Published: 28 October 2013 at 14:08
Anglia Ruskin project helps accountants advise clients how to weather the storm
Accounting for Business Resilience, a collaboration between Anglia Ruskin University’s Global Sustainability Institute, the Environment Agency and Groundwork Essex, Suffolk and Norfolk Ltd, has been established to help small businesses in the region weather environmental risks.
Business resilience is about being able to continue operating in the face of disruption. Of the big multinationals on the Standard and Poor’s Global 100 Index, 90% identify extreme weather and climate change as risks. Their major concerns include damage to facilities, loss of water or power supplies, higher costs, and disruption of supply and distribution chains.
Small and medium-sized enterprises (SMEs) are just as vulnerable to unforeseen risks as big businesses and, as they account for 99% of companies in the UK, their resilience is crucial to a strong UK economy.
However, it appears SMEs are not addressing these challenges. Based on a 2006 survey, 90% of SMEs are under-insured against flooding and 70% of those in high-risk areas admitted they were “not concerned” by potential problems.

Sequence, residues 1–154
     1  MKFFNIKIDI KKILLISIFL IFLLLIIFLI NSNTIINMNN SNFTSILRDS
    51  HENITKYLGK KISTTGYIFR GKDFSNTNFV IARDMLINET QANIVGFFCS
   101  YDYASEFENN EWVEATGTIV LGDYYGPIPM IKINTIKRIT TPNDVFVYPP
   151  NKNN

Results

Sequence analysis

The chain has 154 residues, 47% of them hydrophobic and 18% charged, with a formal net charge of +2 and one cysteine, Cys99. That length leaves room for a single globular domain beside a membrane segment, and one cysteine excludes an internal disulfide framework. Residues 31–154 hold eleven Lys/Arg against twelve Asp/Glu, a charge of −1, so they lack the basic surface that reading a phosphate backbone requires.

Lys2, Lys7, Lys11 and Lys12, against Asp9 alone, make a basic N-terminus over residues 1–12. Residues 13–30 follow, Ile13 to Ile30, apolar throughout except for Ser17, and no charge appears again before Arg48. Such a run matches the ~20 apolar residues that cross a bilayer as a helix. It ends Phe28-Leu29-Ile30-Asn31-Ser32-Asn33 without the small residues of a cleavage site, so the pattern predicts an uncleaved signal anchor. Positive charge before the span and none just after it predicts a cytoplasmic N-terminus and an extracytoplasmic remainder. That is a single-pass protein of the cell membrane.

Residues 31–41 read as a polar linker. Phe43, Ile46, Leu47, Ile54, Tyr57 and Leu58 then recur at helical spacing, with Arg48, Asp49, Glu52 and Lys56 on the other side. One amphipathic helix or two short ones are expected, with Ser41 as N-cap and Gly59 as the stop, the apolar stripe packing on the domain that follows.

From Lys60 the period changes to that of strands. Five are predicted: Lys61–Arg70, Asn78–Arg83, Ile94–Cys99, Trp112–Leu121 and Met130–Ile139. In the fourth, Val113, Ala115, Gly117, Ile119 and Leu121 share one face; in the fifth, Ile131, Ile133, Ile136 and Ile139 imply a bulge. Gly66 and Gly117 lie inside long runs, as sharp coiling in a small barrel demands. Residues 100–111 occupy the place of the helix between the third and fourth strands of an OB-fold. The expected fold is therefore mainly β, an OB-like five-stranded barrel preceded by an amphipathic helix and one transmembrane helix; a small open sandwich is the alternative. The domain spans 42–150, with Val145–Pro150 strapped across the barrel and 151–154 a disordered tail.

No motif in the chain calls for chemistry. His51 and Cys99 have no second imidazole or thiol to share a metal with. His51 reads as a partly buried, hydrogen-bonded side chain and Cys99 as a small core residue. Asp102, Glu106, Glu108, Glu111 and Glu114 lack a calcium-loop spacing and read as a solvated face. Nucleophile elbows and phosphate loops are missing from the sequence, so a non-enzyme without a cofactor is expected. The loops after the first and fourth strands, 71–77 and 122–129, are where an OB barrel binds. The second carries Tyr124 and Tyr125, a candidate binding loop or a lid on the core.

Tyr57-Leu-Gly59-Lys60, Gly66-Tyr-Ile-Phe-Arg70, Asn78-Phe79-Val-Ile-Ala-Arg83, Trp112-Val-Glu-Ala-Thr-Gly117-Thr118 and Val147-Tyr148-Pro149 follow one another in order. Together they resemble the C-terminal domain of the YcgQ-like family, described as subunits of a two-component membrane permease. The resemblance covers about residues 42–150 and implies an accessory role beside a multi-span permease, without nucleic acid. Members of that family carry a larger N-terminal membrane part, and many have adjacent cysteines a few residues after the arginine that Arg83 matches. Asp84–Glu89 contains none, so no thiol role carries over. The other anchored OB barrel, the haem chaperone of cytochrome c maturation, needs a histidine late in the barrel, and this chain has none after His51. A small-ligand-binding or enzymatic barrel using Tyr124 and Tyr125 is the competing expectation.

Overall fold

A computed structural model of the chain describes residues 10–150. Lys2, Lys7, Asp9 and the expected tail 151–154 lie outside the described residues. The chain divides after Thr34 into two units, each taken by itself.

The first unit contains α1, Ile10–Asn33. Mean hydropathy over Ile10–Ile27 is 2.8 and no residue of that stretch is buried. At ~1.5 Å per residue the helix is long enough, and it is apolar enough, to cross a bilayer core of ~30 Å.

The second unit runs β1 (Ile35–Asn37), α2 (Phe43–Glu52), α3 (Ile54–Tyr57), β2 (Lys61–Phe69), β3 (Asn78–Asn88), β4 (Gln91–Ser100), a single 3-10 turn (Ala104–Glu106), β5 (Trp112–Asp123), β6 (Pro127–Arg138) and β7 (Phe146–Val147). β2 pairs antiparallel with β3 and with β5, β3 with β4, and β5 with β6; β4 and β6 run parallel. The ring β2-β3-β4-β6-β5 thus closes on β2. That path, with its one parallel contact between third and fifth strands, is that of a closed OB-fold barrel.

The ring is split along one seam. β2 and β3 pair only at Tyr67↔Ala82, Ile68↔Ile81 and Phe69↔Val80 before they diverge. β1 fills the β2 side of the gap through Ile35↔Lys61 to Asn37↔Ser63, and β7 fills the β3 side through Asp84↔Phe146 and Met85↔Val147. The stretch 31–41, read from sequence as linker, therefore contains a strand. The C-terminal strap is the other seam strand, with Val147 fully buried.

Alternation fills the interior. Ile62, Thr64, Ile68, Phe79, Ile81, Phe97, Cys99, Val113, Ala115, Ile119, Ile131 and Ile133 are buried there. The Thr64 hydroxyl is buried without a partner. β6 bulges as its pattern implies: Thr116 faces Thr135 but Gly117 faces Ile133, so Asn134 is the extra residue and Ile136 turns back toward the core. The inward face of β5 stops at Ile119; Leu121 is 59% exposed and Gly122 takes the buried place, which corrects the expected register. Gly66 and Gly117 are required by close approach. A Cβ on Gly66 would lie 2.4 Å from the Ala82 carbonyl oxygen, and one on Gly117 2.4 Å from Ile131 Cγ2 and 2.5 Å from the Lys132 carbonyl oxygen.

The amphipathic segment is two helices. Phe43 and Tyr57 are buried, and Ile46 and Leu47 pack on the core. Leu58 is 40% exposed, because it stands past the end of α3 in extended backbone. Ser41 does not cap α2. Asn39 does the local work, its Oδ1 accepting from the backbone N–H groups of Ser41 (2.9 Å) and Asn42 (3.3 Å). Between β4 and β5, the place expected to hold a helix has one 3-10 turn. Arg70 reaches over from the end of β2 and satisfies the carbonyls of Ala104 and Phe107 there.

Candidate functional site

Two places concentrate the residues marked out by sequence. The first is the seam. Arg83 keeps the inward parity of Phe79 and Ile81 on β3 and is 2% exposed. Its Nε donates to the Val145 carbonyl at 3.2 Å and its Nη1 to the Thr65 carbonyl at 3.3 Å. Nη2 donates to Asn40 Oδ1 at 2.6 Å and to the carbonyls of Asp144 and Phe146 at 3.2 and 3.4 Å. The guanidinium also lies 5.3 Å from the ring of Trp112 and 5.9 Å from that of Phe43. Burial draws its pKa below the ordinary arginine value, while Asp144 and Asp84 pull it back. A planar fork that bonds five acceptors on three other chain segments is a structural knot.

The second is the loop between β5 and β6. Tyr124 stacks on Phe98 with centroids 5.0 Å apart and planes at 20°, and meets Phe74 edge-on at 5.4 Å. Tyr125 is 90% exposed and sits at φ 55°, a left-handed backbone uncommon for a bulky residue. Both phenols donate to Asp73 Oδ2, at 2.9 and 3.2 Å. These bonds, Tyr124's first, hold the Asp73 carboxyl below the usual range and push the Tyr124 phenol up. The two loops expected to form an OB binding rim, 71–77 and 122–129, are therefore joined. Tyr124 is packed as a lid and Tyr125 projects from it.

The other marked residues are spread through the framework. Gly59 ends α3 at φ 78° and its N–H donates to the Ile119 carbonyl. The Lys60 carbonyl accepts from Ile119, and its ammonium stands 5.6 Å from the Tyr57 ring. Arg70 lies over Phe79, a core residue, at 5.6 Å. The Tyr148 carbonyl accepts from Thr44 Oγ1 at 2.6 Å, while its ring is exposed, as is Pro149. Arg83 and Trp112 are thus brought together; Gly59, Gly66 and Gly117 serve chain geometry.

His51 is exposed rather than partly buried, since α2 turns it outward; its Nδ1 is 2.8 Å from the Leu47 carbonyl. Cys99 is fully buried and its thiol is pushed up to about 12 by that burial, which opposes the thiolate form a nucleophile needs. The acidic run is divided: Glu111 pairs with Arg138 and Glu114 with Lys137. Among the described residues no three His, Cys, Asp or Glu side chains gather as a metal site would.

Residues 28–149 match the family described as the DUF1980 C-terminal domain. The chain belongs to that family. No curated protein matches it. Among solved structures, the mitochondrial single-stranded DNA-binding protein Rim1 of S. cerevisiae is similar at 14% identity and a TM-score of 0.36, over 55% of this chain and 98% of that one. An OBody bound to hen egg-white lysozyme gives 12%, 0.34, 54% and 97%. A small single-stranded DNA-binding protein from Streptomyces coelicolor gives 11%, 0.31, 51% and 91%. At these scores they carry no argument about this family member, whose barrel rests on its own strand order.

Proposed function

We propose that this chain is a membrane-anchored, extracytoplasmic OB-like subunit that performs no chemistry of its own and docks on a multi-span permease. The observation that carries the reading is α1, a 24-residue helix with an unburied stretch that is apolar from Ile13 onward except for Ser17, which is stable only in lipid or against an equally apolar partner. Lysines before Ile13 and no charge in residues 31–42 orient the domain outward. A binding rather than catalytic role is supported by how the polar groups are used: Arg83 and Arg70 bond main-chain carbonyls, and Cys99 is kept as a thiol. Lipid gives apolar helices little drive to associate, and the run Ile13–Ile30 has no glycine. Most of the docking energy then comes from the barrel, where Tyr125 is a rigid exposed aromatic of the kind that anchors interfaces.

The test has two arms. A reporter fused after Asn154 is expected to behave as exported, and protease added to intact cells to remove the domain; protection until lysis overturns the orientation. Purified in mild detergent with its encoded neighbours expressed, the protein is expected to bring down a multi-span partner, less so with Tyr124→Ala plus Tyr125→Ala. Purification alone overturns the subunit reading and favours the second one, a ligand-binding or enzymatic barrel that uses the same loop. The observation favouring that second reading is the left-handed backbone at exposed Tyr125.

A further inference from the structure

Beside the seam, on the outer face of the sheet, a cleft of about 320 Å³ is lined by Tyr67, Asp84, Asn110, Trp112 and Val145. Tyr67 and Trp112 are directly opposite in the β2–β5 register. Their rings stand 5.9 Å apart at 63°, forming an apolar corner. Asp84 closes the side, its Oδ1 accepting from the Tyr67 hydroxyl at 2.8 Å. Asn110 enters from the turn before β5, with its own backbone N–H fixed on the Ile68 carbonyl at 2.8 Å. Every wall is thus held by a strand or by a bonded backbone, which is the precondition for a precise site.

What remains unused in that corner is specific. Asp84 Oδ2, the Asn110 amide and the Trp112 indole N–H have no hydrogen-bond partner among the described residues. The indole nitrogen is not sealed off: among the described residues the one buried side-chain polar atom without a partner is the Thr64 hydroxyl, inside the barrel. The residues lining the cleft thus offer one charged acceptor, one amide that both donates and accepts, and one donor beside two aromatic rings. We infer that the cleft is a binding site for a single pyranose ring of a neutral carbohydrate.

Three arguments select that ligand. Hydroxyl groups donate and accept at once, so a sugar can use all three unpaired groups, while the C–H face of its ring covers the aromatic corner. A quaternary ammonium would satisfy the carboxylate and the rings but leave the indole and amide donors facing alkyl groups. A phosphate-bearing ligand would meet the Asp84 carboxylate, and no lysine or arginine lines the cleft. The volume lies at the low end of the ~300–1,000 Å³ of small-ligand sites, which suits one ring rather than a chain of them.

The Accounting for Business Resilience project is providing free support to accountancy firms across the East of England to help them understand the risks to their own business through one-to-one onsite reviews.
These accountants are then supported to help them develop their own risk and resilience advice service for their clients. As trusted advice-givers, accountants are in an excellent position to warn clients of the financial risks they could be exposed to due to a changing environment.
Dr Aled Jones, Director of Anglia Ruskin’s Global Sustainability Institute, said:
Alwyns Chartered Accountants, based in Loughton, Essex, recently undertook a resilience review. Partner Trevor Applin said: